We’re moved by the principle of unity as we see youth from different races and class backgrounds come together to address the violence that happens in our respective communities. We’re amplifying the leadership of survivors of color, because Black and Brown people are most impacted by both homicide and by the criminalization of gun ownership.  Without recognizing that racism is a root cause of violence in this country, we cannot heal from these wounds.

Over the past two decades, the Peace Institute has worked alongside likeminded advocates of all ages through many waves of advocacy for more and better gun control. We’ve provided emotional and practical support to hundreds of survivors in the aftermath of their loved one’s murder. Many of these murders were not covered on the news, like a homicide that happened in our city less than twelve hours after Boston’s #MarchforOurLives. All families of homicide victims deserve to be treated with dignity and compassion, whether their loved one was murdered in a school or on a street corner. We will strengthen our movement by rejecting the idea that only some victims are worthy of our grief, leaving others to be overlooked or forgotten.

We mourn all murder victims – from Parkland to Dorchester – and acknowledge the pain and anger families are feeling. After a homicide families experience physical, emotional, and financial stress that can destabilize entire communities. We’re committed to serving these families, and working with partners and allies around the country to ensure they have equitable and effective responses in place no matter where or when violence occurs. These interventions have and will interrupt cycles of violence.

Now is the time to push the conversation past the reflexive calls for more police, swifter prosecutions, and longer prison sentences. In this movement moment, let’s focus on primary prevention. Our young people need social-emotional learning in schools, culturally responsive mental and physical health care, and opportunities to heal from the trauma of bearing witness to and surviving violence. Adults must also have spaces and strategies for healing, teaching, and learning that allow us to address our unresolved grief that compounds generational trauma.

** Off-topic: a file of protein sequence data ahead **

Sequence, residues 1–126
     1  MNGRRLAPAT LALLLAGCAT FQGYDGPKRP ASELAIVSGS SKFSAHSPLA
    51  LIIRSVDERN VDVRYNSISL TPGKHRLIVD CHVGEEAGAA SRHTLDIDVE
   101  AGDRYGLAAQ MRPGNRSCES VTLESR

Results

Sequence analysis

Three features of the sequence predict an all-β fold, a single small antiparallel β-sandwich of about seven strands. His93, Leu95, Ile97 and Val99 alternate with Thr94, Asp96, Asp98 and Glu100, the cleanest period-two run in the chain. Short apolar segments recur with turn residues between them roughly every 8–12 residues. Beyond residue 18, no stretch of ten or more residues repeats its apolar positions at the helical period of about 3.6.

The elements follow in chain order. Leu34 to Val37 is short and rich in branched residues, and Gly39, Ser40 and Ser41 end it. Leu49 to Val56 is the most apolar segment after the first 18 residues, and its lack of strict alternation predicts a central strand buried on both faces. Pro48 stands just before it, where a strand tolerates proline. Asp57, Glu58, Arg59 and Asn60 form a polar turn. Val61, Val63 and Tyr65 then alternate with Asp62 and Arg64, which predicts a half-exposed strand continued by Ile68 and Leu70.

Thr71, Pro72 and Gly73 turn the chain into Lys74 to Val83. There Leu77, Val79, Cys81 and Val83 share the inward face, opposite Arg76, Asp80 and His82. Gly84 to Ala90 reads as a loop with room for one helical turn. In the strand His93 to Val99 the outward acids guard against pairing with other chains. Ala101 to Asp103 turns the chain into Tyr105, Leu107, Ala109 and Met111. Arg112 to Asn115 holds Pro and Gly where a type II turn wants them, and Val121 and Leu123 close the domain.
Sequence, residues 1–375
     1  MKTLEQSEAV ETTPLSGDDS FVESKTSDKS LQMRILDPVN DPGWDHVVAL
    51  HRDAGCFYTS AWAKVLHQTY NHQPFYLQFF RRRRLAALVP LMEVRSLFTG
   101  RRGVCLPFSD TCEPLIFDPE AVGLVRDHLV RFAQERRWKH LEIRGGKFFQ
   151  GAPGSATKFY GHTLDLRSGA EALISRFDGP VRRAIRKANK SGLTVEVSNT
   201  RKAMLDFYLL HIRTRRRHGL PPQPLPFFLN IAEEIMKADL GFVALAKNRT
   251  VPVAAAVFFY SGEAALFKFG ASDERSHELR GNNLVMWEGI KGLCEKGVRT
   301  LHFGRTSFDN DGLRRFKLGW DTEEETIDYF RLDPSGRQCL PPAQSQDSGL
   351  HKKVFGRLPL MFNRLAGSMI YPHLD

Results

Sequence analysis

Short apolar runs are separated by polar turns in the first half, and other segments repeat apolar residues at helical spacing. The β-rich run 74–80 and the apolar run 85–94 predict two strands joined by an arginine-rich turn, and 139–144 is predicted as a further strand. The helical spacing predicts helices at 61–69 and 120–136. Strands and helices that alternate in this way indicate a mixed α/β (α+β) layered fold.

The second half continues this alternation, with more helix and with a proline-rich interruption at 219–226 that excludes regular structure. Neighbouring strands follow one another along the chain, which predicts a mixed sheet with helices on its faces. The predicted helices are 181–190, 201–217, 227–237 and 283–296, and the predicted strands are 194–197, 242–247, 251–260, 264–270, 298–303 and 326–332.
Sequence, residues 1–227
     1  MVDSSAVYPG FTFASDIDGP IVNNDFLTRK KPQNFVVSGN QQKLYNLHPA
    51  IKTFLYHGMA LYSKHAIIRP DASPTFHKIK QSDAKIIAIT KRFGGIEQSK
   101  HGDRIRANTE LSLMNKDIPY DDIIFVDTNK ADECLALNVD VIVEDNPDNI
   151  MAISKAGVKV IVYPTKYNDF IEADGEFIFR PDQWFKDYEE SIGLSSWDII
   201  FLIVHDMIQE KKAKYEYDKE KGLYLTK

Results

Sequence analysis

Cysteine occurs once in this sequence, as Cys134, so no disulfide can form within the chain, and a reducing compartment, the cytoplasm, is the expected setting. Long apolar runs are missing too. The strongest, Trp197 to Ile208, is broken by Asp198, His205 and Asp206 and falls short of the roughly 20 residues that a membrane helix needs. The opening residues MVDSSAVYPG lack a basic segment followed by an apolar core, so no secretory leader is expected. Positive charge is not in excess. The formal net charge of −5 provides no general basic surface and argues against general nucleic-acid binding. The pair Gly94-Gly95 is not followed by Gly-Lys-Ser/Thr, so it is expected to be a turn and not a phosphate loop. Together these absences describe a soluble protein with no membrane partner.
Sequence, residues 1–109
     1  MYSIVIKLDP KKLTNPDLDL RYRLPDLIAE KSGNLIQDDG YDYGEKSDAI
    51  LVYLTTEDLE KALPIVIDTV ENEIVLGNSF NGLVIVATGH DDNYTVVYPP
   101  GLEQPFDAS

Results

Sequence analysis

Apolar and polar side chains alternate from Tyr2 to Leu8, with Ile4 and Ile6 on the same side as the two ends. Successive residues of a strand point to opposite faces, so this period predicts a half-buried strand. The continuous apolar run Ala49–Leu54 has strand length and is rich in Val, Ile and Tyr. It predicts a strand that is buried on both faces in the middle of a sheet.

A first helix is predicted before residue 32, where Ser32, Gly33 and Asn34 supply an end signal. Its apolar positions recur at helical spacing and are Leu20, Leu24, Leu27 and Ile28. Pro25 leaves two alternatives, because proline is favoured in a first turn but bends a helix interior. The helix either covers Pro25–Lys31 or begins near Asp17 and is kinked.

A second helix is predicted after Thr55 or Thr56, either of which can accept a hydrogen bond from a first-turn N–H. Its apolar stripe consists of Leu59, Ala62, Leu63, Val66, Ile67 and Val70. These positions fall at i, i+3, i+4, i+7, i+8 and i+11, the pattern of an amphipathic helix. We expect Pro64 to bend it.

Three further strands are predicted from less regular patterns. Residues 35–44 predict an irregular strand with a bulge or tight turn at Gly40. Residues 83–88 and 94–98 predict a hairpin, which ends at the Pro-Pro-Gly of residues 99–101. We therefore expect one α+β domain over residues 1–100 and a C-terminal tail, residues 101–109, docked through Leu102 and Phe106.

The solutions to the crisis of gun deaths are not simple, nor limited to legislative change. We need a cultural transformation. True peace is only possible when all families are valued and have what they need to live well. Concrete commitments can help us move past feeling scared and overwhelmed. One way to take action locally and support the survivor community is to join us at our 22nd Annual Mother’s Day Walk for Peace on May 13. Our doors are open to you and your family.  


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The Mother's Day Walk for Peace is our most important fundraiser of the year. In 2018, our goal is to raise $400,000 so we can expand the services, training, and advocacy work we do.

To lead our fundraising efforts, donors Rick and Gitte Shea have challenged us with a matching grant! This supporter will match donations up to $5,000 for all gifts made by March 15!

Here are ways you can give:

1. Start a team and encourage your network to give to your team page!

2. Give to a walk team of a friend, family member, coworker, or survivor in our community!

(Please note: the match from the grant will not appear on team pages.)

3. Donate online now!

Important Dates to Remember

Weds. March 28:  Community Briefing
Hampshire House
84 Beacon St, Boston, MA  02108

Sat. April 7, Sat. April 28: 
Info Sessions at the Peace Institute      
The Peace Institute
15 Christopher St. 
Dorchester, MA 02122

Weds. April 18: Community Walk Kick Off
Bruce Bolling Municipal Building
Innovation Lab, 2nd floor  
2304 Washington St, Roxbury, MA 02119

Weds. April 25: Survivor Walk Event  
The Peace Institute
15 Christopher St. 
Dorchester, MA 02122
4:30-6:00pm and 6:00-8:30pm 

Fri. May 4: Volunteer Orientation & Party  
The Peace Institute
15 Christopher St. 
Dorchester, MA 02122

Sun. May 13: Mother’s Day Walk for Peace
Town Field Park, Field’s Corner
1520 Dorchester Ave.
Dorchester, MA 02122
6:00am Registration
8:00am Walk Begins